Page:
A strength of this analysis was that the employer studied contributed a large employee population to enable a distinction among risk factors and obtain increased precision in our study estimates. Furthermore, this study uses the validated WLQ to assess health-related work performance, in addition to medical care and absenteeism costs.
Our analysis of data from a large US employer illustrates how common, modifiable health risks impact not only direct medical costs, but also costs associated with health-related productivity here defined as workers' absenteeism and presenteeism. This analysis also highlights potential cost saving opportunities available to employers who implement evidence-based and effective health promotion and risk reduction programs. Employers who put in place targeted and comprehensive health promotion programs that reduce health risks among workers may see savings across multiple cost categories.
The authors thank Diane Everett and Kristin Wood at Mayo Foundation for their help in the preparation and review of the manuscript. We also thank Dr Phil Hagen for his senior leadership on the development of Mayo Clinic's Health Assessment. The health assessment serves as a key component of this study.
Mayo Foundation provided funding for the preparation of this article. The opinions expressed in this article are the authors' and do not necessarily represent the opinions of Thomson Reuters, Emory University, or Mayo Foundation.
APPENDIX Definition of Health Risks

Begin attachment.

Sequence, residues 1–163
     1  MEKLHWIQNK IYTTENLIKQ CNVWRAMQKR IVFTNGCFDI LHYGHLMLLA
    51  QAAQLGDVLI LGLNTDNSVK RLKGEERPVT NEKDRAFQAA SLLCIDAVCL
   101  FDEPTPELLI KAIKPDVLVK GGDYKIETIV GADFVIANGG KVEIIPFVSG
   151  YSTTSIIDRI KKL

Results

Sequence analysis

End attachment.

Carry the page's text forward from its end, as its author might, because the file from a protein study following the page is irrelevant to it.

The Mayo Clinic Health Assessment was the instrument used to define high risk in this study. Definitions of high risk follow.
* Alcohol risk is defined as imbibing more than fourteen drinks or seven alcoholic drinks per week for men and women, respectively, a positive CAGE score (The CAGE score is based on answers to four questions: C—Have you ever felt you should cut down on your drinking? A—Have people annoyed you by criticizing your drinking? G—Have you ever felt bad or guilty about your drinking? E—Eye opener: Have you ever had a drink first thing in the morning to steady your nerves or to get rid of a hangover?), or both; or if pregnant, any alcohol consumption.
* Emotional health risk is determined when individuals respond that they have moderate to very high stress levels, are sad, or both, or depressed so that these moods interfere with their job or personal life.
* Nutrition risk is present when there is medium to very high daily dietary fat intake, consumption of fewer than five daily servings of fruits and vegetables or both.